Wayne Weil, MD is Orthopedic Specialists of Seattle’s hand and wrist specialist, and he often diagnoses trigger finger. Dr. Weil sees and treats many patients with trigger finger. Here we will examine the condition and include basic information about its treatment.
Trigger finger occurs when the motion of the tendon that opens and closes the finger is limited, causing the finger to lock or catch as the finger is extended. Your finger or thumb will catch in a bent position – and may straighten again with a snap, like a trigger being pulled and released. If you have severe trigger finger, your finger may become locked in a bent position.
Causes of Trigger Finger
The tendons that control the movements of the fingers and thumb slide through a narrow tunnel of tissue. Trigger finger is caused by a narrowing of the tunnel. The tendon can become irritated as it slips through the narrow tunnel. As it becomes more and more irritated, the tunnel can continue to thicken, making its passage more difficult. The tendon can then become stuck at the entrance of the tunnel as the finger is extended.
At this point, a person might feel a pop, and a painful catching feeling as the finger is moved. People whose work or hobbies require repetitive gripping actions are more susceptible. Trigger finger is also more common in women than in men. The condition is also more common in people with certain medical issues including diabetes and rheumatoid arthritis.
Signs & Symptoms of Trigger Finger
Most times, the symptoms of trigger finger start without an injury. One might feel a small lump, a pain the palm, a catching or popping sensation – or they might notice swelling.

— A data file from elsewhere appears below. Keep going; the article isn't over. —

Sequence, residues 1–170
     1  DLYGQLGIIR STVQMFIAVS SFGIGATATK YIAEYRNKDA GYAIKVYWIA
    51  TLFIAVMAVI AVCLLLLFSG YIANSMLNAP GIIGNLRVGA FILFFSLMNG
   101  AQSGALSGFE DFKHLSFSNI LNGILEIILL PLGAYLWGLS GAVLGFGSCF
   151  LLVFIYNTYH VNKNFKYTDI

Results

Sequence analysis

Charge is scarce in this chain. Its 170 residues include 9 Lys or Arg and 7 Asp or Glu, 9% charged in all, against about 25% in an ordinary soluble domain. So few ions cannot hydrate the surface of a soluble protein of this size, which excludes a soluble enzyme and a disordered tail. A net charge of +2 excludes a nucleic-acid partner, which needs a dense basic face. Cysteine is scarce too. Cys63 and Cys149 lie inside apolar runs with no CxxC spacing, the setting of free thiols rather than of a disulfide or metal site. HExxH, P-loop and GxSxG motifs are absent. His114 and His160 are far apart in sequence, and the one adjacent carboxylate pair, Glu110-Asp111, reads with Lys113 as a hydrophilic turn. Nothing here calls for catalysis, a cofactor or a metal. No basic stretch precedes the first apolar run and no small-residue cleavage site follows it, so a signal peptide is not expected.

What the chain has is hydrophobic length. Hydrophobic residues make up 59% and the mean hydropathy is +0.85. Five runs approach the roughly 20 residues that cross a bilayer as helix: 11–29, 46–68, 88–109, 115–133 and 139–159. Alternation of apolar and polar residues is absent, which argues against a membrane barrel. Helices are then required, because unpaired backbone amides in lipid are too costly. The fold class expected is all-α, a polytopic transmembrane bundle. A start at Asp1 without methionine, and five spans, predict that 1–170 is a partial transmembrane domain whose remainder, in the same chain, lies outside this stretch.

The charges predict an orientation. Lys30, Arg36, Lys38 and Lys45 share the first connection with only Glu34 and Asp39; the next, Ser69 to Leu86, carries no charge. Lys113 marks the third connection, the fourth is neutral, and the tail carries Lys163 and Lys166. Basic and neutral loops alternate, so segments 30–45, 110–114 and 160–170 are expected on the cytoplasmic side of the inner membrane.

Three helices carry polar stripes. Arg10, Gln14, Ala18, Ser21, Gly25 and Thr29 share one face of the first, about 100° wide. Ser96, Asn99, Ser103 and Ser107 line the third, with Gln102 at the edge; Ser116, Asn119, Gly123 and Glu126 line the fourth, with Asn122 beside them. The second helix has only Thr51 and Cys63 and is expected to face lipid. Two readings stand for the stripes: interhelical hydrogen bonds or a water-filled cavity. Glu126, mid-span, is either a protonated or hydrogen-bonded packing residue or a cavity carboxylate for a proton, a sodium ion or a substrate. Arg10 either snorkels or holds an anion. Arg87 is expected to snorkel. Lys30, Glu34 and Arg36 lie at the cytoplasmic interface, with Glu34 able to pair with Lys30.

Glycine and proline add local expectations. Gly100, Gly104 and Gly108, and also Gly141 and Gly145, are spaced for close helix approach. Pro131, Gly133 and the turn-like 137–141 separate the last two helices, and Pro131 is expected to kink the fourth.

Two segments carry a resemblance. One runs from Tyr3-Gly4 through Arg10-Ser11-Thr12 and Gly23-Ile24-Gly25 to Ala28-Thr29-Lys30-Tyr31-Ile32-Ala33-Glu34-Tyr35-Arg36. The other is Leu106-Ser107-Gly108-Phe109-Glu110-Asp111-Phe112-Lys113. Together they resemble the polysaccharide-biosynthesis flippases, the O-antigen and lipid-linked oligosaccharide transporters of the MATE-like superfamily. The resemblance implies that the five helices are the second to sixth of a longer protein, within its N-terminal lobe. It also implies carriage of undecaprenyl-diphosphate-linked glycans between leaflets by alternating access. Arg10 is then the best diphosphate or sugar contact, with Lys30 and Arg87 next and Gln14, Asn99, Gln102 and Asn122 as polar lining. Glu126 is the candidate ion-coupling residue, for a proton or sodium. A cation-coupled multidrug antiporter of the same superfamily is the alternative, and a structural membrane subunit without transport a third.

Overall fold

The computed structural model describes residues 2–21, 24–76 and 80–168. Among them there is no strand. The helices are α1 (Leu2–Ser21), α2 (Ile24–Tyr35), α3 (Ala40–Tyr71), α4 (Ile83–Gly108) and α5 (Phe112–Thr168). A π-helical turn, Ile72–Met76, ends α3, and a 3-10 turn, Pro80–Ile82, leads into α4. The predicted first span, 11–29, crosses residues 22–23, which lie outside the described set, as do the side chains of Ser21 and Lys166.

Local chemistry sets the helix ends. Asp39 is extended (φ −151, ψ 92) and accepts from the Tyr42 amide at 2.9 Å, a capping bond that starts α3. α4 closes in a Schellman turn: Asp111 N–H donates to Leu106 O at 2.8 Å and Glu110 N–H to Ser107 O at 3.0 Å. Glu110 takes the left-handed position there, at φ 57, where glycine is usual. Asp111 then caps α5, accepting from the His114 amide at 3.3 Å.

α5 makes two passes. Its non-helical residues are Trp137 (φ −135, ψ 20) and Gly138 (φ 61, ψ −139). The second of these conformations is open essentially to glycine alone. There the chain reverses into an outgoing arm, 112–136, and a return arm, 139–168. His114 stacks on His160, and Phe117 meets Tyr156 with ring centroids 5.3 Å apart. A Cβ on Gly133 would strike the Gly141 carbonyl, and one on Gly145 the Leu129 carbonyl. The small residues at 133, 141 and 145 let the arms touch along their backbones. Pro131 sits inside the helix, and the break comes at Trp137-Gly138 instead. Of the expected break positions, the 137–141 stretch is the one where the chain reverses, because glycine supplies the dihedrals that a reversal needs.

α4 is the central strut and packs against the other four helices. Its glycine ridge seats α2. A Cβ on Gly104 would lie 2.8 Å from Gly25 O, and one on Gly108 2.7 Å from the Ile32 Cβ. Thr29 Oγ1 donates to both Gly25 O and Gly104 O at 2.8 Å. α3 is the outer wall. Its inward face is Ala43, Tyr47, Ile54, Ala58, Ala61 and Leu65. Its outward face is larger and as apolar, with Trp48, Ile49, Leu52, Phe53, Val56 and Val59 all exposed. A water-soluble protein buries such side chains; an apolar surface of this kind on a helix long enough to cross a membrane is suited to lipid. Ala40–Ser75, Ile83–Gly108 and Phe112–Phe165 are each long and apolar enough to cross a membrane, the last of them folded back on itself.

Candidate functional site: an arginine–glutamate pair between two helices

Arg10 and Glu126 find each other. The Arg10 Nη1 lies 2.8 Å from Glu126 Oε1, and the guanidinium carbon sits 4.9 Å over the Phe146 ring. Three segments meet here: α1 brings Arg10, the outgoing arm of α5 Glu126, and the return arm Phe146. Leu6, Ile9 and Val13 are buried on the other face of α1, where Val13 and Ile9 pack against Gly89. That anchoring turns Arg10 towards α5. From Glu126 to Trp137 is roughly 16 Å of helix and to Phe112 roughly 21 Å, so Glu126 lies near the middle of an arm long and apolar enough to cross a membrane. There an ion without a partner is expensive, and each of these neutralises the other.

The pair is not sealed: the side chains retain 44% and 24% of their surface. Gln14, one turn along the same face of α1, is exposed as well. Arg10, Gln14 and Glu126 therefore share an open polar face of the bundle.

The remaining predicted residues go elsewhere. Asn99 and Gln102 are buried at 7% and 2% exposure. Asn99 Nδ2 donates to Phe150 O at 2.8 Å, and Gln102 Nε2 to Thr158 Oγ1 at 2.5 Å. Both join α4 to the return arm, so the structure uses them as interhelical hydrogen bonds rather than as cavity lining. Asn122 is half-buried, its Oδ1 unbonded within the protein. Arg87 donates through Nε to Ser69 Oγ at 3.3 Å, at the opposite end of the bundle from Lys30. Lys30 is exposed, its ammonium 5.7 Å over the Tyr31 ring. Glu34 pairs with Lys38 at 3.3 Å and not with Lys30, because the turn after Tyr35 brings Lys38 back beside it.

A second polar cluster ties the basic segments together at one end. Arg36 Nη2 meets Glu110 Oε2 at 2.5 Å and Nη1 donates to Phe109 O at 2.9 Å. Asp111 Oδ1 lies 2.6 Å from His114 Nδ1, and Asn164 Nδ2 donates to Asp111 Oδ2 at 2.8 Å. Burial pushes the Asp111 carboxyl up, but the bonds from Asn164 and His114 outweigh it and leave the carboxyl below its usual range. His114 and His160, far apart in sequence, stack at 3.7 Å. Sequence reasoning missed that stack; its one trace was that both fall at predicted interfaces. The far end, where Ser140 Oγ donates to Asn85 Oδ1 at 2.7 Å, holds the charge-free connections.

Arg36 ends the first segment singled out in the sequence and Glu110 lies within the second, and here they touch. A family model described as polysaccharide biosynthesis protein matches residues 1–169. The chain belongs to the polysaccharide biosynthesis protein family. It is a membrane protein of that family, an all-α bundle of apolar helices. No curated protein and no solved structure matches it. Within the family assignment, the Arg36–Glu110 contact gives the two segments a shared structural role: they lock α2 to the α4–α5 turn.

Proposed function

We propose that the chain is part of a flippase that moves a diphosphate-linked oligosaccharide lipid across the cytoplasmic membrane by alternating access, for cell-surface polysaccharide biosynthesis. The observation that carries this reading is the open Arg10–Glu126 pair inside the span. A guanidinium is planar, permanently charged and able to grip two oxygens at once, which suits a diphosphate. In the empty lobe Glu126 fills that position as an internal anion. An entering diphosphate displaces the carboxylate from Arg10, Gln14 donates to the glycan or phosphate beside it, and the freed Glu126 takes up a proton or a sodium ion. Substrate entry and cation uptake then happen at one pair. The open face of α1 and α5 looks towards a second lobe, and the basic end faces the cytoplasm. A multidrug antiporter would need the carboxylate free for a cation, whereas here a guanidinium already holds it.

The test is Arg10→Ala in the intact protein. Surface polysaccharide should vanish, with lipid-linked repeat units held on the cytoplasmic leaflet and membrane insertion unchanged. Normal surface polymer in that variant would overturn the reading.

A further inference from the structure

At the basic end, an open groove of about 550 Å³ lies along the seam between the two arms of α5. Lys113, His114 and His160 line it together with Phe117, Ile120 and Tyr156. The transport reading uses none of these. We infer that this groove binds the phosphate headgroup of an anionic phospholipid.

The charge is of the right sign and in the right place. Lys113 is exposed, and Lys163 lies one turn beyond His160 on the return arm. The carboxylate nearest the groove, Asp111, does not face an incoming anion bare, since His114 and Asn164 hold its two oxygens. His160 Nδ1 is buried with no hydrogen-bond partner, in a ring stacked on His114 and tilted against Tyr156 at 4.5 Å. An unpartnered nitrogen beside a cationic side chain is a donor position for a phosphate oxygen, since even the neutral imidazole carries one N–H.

Often the catching and stiffness is worse in the morning of after periods of inactivity, but will loosen up throughout the day.
Diagnosis & Treatment of Trigger Finger
Dr. Wayne Weil at Orthopedic Specialists of Seattle (OSS) frequently diagnoses and treats trigger finger. In mild cases, splints to rest the finger, or over-the-counter pain medications and/or corticosteroid injections may be recommended. Injections are less likely to provide permanent relief when a person has experienced trigger finger for a long time, or if there is an associated medical problem such as diabetes.
Surgical treatment may be recommended for more severe cases. If the finger is stuck in a bent position, or if the symptoms are severe, surgery may be the best course of treatment. Surgery’s goal is to widen the opening of the tunnel so that the tendon can slide through it more easily. It’s usually an outpatient surgery performed through a small incision. Dr. Weil frequently performs surgery for patients with trigger finger at OSS’ on-site surgery center, Seattle Orthopedic Center.